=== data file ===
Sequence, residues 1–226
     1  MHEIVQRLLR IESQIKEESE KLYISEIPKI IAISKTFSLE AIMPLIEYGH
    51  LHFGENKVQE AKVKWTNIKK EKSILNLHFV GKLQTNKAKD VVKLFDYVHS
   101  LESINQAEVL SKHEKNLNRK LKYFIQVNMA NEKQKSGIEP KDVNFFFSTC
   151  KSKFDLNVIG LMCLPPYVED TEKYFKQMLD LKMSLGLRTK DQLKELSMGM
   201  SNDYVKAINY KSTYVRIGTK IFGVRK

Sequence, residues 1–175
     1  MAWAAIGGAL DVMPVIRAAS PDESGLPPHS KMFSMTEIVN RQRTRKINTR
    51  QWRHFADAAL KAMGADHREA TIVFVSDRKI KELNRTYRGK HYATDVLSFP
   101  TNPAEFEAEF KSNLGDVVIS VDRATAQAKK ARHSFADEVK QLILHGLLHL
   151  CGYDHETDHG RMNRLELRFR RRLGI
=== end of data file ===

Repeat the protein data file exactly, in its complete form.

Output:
Sequence, residues 1–226
     1  MHEIVQRLLR IESQIKEESE KLYISEIPKI IAISKTFSLE AIMPLIEYGH
    51  LHFGENKVQE AKVKWTNIKK EKSILNLHFV GKLQTNKAKD VVKLFDYVHS
   101  LESINQAEVL SKHEKNLNRK LKYFIQVNMA NEKQKSGIEP KDVNFFFSTC
   151  KSKFDLNVIG LMCLPPYVED TEKYFKQMLD LKMSLGLRTK DQLKELSMGM
   201  SNDYVKAINY KSTYVRIGTK IFGVRK

Sequence, residues 1–175
     1  MAWAAIGGAL DVMPVIRAAS PDESGLPPHS KMFSMTEIVN RQRTRKINTR
    51  QWRHFADAAL KAMGADHREA TIVFVSDRKI KELNRTYRGK HYATDVLSFP
   101  TNPAEFEAEF KSNLGDVVIS VDRATAQAKK ARHSFADEVK QLILHGLLHL
   151  CGYDHETDHG RMNRLELRFR RRLGI